The upper portion 22 c of housing 22 defines an opening through which a pad may extend to provide a resilient surface for resting the tool 20 on while not in use and/or while performing work on the work element 28 (e.g., replacing or interchanging bonnets, applying polish to the pad 28, etc.). In the embodiment illustrated in FIGS. 1D, G and H, a plurality of openings 22 g are defined by the upper portion 22 c of housing 22. The openings 22 g are oblong in shape and are parallel to one another, extending laterally over the upper surface of the power tool 20 and perpendicular to the vertical reference plane of the tool 20. The pad 21 has a generally circular shaped base with a plurality of ridges 21 ae extending from a surface thereof. The ridges 21 ae form oblong shapes which are complimentary to the openings 22 g and have generally flat and coplanar upper surfaces. In a preferred form, the pad 21 is made of an elastomeric material such as rubber. When assembled, the ridges 21 ae extend through the openings 22 g, above the upper portion 22 c of housing 22, to provide a frictional surface upon which the tool 20 may be rested.

As mentioned above, and illustrated in FIGS. 1GJ, the housing portions 22 af define a cavity within which motor 32 is disposed. The motor has a shaft 32 a with a commutator 32 b, a rotor armature 32 c and a stator 32 d. Brushes 33 ab are connected to the commutator 32 b to provide an electrical connection between the rotating armature 32 c and the terminals 32 d of motor 32. Bearings 32 ef are situated on generally opposite ends of the motor shaft 32 a and assists the motor in operating more efficiently by aligning and guiding the rotational operation of the shaft 32 a and reducing the frictional forces encountered thereby.

The motor 32 is secured into position and/or aligned by ribs 34 which extend from the inner surface of at least one of the housing portions 22 af. In the embodiment illustrated, ribs 34 a, b, c and d of left clam shell member 20 c (FIG. 1I) and ribs 34 e, f, g and h of right clam shell member 20 d (FIG. 1J) form corner brackets (or collectively a slot) within which the stator yoke 33 d is nested. In addition, ribs 34 i (FIG. 1I) and 34 j (FIG. 1J) form a slot or socket within which the upper bearing 32 e is disposed. Similarly, ribs 34 m (FIG. 1I) and 34 n (FIG. 1J) form a slot or socket adjacent the bottom portion 22 d within which the lower bearing 32 f is disposed. In a preferred embodiment, several of the ribs also include an arcuate edge that compliments the body of the motor 32. This helps align the motor 32 and prevent vibration due to component rattling.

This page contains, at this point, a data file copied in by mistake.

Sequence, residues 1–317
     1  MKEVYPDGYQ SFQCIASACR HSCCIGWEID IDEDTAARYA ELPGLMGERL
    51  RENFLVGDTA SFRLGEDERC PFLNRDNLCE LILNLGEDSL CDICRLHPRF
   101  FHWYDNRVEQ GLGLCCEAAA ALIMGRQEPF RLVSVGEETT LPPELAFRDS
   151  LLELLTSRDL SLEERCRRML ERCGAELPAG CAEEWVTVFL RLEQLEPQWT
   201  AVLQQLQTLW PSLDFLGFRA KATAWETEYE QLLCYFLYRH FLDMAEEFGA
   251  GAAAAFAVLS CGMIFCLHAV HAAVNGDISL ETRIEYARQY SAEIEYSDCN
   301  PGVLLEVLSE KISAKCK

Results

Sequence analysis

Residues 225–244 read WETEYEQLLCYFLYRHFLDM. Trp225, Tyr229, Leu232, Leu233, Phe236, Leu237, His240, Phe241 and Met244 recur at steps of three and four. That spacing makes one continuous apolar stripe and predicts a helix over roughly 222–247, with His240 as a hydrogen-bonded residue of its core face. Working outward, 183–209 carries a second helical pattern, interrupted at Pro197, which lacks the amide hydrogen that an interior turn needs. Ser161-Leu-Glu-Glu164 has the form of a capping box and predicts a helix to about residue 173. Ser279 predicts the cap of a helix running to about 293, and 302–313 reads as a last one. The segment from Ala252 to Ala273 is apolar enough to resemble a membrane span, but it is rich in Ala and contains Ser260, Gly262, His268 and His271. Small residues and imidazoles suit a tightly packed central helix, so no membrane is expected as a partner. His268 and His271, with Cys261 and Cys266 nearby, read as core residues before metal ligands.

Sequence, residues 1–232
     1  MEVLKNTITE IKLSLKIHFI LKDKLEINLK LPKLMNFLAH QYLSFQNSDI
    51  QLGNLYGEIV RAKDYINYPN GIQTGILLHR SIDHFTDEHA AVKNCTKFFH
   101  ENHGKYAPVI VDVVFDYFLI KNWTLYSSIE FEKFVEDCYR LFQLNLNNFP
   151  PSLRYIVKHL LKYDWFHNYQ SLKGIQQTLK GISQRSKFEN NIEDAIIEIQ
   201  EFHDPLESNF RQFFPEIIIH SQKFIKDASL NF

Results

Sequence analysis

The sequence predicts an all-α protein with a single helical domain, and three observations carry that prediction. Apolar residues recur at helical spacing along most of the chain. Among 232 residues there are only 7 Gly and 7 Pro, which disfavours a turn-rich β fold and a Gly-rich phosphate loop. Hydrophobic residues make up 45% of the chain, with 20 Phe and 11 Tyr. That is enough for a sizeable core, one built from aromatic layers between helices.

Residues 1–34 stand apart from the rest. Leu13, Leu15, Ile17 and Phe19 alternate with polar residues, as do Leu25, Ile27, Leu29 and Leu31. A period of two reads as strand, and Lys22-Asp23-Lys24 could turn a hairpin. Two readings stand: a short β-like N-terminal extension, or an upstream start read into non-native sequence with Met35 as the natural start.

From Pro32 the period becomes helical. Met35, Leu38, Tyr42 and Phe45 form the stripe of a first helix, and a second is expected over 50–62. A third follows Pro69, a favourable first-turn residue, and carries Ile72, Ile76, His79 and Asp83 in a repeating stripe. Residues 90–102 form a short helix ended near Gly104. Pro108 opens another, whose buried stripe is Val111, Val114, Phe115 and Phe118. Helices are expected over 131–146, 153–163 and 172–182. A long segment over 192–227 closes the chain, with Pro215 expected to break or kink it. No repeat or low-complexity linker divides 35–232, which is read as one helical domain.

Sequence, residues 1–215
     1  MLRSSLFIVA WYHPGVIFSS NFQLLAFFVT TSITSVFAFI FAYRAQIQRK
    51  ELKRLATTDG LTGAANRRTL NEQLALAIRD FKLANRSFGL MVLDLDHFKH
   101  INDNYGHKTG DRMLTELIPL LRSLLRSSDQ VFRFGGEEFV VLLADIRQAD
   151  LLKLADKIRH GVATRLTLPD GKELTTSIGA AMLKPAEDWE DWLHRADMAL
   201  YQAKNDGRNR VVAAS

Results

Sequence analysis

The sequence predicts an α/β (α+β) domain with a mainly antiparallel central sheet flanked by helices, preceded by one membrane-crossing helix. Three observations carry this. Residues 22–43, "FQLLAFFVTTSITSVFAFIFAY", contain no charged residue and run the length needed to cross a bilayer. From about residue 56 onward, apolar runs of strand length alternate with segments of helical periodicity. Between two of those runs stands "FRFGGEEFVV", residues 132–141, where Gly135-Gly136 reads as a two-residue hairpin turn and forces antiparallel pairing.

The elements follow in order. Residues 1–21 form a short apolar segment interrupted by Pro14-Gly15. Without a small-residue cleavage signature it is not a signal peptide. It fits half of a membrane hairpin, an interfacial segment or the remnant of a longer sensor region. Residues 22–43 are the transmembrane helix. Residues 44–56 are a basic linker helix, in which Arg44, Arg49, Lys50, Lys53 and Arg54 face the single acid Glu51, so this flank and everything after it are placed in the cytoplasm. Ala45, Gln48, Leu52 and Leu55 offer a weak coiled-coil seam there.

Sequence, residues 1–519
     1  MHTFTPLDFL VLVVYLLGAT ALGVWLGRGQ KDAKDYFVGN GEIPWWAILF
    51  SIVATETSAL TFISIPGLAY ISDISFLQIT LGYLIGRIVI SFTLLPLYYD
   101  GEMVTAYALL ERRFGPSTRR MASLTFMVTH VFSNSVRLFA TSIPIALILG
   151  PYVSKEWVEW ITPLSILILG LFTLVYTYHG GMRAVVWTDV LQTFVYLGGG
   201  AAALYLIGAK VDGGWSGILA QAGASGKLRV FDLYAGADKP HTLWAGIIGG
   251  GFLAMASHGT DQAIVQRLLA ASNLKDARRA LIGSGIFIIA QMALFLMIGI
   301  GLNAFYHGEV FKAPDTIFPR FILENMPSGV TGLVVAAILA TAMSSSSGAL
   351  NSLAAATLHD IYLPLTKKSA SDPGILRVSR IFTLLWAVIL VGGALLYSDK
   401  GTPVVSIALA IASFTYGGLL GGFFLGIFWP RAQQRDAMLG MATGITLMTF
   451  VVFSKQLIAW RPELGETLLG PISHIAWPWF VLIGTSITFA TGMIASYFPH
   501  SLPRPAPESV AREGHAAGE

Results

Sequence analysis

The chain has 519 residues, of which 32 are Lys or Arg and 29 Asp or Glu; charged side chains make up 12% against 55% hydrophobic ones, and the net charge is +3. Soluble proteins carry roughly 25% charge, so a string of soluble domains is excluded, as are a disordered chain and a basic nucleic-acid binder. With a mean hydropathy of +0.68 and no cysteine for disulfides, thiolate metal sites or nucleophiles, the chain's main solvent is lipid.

A fan 32 g is positioned on, and driven by, the motor shaft 32 a in order to circulate air through, and cool, the motor 32. The housing 22 defines vents to assist in the circulation of air through the tool 20. For example, in the embodiment illustrated in FIGS. 1AJ, the motor 32 rotates the fan 32 g in order to draw air through the upper vents 22 g located in the housing, down over the armature 32 c and stator 32 d, and out the lower vents 22 h located in the housing 22. The circulation of air cools the motor 32 during operation, which aids in preventing the motor 32 from overheating.